I still love the feeling of getting up very early (before 5:00 AM) and going out to the driveway to get the two newspapers we receive each morning. I love taking the wrappers off and feeling the actual newsprint as I separate and order the sections in the order I want to read them. And later setting aside the ones I know my wife Lauren likes, so she can just dive in. I really like doing that. (When she joins me, it’s even better!) Sitting down then with those newspapers for thirty or forty minutes–and a couple of cups of coffee–while the rest of the house and most of my corner of the world is still snugly asleep is a constant source of joy and comfort in my life.
Sure, I know that some of that news has already been superseded by subsequent events but I don’t feel like I need to know absolutely everything in real time. Soon enough, I’ll open my computer for business reasons and find out the latest “breaking news” but, in the wee hours, I’m OK with being a few hours behind the curve.
I still love reading a real book or magazine, too. Sure, I know how easy and convenient Kindles, etc. are, but, to me, they are cold, electronic devices that probably do indeed make the actual process of reading quicker and easier, but at the cost of the charm and the feel of something real in my hands. I wonder how soon bookshelves will become as anachronistic as pay phones?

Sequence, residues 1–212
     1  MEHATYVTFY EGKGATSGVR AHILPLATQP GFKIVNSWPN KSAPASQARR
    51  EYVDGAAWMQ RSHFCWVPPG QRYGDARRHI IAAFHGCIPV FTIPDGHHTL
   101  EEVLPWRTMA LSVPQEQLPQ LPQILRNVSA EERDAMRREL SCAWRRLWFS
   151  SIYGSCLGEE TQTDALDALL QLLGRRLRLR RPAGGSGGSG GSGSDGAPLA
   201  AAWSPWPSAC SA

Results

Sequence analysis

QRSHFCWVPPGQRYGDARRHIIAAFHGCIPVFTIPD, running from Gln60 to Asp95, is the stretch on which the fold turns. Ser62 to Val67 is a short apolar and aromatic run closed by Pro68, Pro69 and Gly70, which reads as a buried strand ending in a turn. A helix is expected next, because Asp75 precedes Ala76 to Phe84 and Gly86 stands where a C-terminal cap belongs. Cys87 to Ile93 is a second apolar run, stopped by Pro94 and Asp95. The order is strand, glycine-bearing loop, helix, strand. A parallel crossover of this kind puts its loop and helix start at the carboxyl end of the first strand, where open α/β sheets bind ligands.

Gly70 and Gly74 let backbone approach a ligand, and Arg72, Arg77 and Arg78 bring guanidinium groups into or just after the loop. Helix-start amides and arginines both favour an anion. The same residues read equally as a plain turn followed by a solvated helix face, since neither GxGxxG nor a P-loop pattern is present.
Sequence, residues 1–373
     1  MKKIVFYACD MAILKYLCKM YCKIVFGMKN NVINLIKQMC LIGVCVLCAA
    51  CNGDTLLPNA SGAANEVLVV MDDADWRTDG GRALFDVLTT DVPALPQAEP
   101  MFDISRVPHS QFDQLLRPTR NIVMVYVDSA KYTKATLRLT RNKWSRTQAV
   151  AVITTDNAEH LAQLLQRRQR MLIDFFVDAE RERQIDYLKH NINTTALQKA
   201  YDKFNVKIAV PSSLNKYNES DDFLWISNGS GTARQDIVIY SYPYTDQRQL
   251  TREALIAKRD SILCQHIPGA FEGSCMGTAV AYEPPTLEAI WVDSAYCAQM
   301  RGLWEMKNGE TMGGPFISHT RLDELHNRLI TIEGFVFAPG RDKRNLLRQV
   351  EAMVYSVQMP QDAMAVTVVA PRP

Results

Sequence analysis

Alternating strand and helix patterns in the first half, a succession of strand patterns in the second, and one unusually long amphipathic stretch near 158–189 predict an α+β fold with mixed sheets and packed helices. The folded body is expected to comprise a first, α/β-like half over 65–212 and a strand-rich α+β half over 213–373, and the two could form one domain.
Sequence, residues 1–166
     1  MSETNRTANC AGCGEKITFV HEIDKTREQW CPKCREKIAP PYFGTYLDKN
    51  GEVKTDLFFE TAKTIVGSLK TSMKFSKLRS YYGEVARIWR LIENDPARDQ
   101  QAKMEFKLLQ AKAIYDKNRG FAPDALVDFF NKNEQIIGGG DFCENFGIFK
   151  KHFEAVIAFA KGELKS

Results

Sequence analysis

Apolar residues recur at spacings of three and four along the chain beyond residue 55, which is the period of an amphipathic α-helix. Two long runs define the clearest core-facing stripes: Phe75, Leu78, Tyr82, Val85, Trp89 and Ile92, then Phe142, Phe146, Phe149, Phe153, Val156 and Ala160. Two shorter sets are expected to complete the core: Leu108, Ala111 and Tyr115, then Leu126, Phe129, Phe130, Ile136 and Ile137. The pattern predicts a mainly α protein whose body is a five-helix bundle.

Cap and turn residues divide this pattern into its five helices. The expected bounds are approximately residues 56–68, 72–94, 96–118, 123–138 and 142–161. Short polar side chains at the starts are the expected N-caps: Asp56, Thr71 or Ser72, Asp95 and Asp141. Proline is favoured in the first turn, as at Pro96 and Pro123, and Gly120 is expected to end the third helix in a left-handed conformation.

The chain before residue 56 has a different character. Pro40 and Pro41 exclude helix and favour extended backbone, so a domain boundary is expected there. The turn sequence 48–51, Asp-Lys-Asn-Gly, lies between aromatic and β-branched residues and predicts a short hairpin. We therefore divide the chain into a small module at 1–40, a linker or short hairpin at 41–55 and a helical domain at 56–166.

Even though I do sometimes watch movies on my computer for my work, I really dislike the whole process. Most movies are not made to be seen on a computer; hence, my “right on, you go” support for Regal Cinema’s “Go Big or Go Home” campaign. Oh, and Netflix basically just told those of us who don’t like digital downloads that we are second class citizens. Thanks for that, guys. Great PR idea. Not.
As you might have guessed by now, I really have a problem with the overuse of technology in general because I think that all the emails, texting, facebooking, tweeting, etc. are seriously diminishing our ability to really communicate as human beings. Perhaps less important, but still regrettable, is the fact that so many people seem to have lost the ability to spell. “Ur” is texting’s version of “you are.” Ugh. Oops. Maybe that should be “ug”.
In my heart, I feel that there a lot of us out here in baby boomer land who are not as enamored as others are of the “virtual” technological epidemic of our times.
I for one still like it real.
What do you think?